People developed ways of exchanging goods long before money existed, they used the barter system. But eventually the development of commerce brought about both the development of writing for recordkeeping and the use of coins made of precious metals. Goods moved very long distances over routes that might take months with silk, tea, spices, wheat, barley, precious stones, gold and silver were all commodities sought by various civilizations. The great explorers and traders such as Marco Polo and the Silk Road are mentioned. Camel caravans and silent trading are fascinating as is the importance of salt before refrigeration to preserve food. Each section contains colorful pictures which do help with understanding. In a few of the titles whole paragraphs are repeated. At the close of the book there is a page that contains a brief glossary, index, website and books for further reading—most of which are quite current and delve into the same or related topics. This series "Life in the Ancient World" looks very attractive and something that might appeal to an early elementary or middle school reader, however upon reading each of the titles, the text tends to be written at a higher level and is often so broad in coverage with brief descriptions of major events, places and people that you do not come away with a clear understanding of the topic. Yes, there is a map and timeline in the introduction, but it is not really easy to follow either and even looking back at it when reading subsequent sections was not a big help. There are globes that show where in the world the section is set and what the time period is, but the country or countries are not labeled and unless you have a pretty good knowledge of the world it is sometimes difficult to determine. Yes, they all follow the same pattern in terms of areas of the world, but you really almost need to read a particular chapter in each one to understand more about that society rather than several sequential books. Reviewer: Marilyn Courtot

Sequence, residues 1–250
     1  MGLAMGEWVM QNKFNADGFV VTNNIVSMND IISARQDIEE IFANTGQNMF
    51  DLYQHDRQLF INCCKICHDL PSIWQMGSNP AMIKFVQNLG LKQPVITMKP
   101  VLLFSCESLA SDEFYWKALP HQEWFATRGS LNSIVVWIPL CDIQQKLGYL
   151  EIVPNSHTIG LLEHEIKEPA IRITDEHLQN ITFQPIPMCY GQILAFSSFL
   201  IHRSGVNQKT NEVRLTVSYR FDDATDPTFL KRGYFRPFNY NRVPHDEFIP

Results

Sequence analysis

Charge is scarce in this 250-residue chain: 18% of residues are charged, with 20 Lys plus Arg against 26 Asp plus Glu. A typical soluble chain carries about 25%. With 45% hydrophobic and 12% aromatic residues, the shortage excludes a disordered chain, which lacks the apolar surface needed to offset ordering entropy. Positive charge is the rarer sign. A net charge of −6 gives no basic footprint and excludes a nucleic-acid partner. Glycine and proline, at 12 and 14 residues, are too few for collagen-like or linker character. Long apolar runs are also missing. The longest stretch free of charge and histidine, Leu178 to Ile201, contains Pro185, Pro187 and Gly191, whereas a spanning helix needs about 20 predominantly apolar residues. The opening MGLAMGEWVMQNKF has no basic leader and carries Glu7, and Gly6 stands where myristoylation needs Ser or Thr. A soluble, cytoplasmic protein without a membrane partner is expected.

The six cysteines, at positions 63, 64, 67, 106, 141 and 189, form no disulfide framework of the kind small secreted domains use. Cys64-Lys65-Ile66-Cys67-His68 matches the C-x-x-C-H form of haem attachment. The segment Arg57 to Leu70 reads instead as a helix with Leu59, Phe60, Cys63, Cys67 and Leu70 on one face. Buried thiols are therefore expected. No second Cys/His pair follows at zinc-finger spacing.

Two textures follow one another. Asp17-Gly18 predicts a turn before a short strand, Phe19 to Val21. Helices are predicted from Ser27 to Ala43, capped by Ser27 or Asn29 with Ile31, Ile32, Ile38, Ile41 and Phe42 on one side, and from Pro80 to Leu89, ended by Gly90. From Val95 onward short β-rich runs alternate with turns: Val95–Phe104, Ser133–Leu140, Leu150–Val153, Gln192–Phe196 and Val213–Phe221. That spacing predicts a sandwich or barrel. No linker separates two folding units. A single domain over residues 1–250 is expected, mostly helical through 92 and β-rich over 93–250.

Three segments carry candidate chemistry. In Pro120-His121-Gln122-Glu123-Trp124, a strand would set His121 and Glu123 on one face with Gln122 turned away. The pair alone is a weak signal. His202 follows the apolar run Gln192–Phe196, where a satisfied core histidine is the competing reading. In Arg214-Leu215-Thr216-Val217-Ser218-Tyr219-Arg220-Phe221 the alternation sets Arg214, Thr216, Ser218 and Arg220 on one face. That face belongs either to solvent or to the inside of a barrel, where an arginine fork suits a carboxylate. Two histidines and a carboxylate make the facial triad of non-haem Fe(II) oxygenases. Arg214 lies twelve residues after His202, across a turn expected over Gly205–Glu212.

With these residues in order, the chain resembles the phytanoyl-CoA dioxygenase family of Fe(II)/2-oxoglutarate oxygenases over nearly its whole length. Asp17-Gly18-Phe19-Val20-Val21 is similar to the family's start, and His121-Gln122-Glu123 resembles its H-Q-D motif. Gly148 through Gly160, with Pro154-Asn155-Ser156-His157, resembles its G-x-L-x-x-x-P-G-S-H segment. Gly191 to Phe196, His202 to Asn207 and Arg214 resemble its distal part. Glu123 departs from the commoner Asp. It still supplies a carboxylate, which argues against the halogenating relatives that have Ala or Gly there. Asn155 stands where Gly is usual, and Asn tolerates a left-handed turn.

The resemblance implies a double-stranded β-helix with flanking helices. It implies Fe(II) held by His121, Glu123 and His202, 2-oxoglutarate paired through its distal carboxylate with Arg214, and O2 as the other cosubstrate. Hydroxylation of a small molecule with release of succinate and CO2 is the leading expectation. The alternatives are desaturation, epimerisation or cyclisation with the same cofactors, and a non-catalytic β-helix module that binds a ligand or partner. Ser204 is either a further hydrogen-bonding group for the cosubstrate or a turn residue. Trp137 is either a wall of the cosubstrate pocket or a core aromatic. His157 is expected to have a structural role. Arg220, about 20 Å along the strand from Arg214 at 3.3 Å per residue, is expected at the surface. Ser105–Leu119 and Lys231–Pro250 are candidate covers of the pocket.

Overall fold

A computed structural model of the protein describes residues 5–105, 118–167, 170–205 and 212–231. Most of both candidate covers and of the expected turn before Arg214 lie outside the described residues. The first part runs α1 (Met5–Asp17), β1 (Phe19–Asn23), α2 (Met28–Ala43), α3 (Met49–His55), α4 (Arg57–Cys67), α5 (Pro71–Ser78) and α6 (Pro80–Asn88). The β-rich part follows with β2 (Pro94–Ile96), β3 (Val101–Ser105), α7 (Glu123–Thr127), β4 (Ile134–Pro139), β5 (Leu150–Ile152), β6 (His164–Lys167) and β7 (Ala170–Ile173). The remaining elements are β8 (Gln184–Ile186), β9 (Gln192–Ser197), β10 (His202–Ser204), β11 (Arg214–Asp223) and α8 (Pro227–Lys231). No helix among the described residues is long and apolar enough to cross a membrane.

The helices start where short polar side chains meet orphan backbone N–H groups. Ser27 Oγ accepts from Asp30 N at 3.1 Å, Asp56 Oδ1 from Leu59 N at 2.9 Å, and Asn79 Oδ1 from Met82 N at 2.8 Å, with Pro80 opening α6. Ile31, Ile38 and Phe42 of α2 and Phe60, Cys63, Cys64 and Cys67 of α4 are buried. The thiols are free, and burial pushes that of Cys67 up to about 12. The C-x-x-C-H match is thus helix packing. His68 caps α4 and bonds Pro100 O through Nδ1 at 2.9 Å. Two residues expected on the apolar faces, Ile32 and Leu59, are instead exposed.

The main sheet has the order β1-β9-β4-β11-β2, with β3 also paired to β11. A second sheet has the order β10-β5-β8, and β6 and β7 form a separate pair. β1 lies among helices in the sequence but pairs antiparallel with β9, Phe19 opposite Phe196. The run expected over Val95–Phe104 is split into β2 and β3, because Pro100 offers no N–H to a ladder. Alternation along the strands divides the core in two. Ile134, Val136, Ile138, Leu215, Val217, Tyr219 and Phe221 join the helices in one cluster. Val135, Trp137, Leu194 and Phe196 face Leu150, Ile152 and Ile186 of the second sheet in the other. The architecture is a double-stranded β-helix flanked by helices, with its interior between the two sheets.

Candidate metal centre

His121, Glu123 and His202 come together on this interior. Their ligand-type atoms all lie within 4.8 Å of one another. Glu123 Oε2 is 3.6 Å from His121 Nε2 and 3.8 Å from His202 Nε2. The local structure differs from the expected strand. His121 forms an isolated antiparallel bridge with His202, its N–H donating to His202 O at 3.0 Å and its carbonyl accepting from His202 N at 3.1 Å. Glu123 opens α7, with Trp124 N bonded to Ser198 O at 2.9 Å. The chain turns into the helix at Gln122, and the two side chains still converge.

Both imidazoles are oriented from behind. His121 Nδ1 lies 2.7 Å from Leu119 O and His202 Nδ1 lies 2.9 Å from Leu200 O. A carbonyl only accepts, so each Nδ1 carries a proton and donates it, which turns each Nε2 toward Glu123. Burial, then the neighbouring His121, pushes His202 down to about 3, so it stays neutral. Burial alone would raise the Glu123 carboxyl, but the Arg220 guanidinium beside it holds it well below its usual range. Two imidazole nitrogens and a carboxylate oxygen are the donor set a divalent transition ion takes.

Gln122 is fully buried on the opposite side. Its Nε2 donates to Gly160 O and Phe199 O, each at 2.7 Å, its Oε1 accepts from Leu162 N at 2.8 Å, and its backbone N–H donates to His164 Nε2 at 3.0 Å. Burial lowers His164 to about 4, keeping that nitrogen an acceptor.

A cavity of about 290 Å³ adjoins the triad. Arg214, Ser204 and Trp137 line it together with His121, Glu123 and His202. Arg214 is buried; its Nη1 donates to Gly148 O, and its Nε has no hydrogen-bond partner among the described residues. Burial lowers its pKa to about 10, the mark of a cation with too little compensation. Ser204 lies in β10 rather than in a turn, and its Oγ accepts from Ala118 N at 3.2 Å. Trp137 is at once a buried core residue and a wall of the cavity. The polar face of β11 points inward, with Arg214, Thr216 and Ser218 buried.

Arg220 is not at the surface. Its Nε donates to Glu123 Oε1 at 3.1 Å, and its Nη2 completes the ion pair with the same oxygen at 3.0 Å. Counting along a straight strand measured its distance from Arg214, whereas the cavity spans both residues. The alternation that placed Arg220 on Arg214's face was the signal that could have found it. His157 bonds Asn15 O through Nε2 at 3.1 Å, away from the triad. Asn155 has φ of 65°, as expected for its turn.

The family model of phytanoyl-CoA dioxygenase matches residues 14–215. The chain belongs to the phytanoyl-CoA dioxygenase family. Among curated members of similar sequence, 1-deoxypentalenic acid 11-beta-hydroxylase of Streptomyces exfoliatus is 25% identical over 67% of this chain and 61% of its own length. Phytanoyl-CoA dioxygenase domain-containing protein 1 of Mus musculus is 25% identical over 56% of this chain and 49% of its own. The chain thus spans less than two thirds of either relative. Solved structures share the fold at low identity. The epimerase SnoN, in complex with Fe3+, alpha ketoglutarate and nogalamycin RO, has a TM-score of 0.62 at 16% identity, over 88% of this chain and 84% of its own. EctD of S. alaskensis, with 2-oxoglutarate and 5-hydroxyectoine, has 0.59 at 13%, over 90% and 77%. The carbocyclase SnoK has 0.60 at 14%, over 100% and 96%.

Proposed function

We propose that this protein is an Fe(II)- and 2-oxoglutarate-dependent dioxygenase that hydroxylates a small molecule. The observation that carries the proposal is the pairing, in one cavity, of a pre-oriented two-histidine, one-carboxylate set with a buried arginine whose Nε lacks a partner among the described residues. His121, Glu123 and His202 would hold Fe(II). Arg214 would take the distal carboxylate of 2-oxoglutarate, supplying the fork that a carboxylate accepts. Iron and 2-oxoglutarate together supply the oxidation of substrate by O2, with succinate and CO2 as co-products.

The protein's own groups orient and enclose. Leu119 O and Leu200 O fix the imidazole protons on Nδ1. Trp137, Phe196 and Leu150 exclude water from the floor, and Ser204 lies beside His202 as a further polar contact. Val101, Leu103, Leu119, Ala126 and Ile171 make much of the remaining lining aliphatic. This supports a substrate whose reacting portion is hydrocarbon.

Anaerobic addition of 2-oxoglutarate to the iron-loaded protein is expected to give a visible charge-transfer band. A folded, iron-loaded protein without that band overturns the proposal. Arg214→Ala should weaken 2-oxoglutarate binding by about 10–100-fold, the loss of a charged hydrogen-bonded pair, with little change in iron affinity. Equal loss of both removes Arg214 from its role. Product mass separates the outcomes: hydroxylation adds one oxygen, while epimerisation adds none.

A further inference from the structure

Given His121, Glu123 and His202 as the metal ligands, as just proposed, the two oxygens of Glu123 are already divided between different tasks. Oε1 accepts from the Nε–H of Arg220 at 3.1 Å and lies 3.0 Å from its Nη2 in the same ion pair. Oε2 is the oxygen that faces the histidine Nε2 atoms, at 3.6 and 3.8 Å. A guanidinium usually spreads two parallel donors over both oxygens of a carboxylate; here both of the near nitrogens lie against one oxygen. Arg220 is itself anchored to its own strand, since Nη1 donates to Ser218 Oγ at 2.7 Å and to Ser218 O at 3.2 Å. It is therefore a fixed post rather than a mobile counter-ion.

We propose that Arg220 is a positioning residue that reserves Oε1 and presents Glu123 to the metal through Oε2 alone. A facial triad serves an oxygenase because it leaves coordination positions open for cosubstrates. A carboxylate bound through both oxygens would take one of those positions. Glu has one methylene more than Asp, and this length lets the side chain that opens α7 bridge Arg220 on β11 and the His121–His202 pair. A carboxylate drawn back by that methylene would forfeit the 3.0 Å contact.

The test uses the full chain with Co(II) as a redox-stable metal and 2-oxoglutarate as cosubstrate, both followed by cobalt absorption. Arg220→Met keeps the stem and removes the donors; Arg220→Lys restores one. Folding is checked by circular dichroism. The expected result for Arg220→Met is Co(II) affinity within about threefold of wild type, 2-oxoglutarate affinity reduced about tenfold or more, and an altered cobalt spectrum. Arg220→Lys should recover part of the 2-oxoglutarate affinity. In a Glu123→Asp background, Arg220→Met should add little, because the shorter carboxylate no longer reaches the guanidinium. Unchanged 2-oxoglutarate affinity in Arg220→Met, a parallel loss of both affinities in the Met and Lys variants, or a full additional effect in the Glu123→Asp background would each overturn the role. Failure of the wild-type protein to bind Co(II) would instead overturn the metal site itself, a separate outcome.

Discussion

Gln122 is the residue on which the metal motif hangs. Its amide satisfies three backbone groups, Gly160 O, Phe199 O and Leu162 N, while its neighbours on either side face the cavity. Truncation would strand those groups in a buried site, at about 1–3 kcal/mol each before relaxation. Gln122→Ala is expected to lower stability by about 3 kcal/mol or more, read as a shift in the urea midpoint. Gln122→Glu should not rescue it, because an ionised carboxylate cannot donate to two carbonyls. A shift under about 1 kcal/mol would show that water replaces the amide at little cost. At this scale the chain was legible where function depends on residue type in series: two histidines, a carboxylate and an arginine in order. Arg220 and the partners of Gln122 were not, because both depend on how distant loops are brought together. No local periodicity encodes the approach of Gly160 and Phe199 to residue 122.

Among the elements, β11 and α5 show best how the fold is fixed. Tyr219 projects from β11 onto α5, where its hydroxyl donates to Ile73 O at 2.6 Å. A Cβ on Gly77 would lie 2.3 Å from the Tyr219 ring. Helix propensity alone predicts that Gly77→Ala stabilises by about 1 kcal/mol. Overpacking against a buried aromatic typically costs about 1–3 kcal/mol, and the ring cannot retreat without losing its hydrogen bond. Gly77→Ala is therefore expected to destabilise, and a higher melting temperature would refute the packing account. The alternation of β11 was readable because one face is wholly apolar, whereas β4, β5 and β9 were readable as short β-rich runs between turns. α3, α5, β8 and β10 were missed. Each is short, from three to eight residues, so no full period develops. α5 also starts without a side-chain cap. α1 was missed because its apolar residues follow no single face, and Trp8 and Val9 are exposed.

School Library Journal
Gr5–8—While this series strives for an evenhanded and diverse depiction of ancient (very broadly defined) cultures, devoting so little space to each entry leads to oversimplification that borders on misinformation. The books are poorly organized, causing some important details to be neglected. In Religion, Judaism is absent entirely, though Christianity and Islam are mentioned. Africa outside of Egypt is not mentioned in Technology, and, in the other titles, several African cultures are bunched together, in contrast to the geographically small Japan, which has its own full section in each book. Australia, North America, and large areas of Asia and South America are also completely absent. It's only because the books claim they're covering every "significant culture" that these absences are worthy of complaint. A less broad, more complex look at each of the topics would serve students better.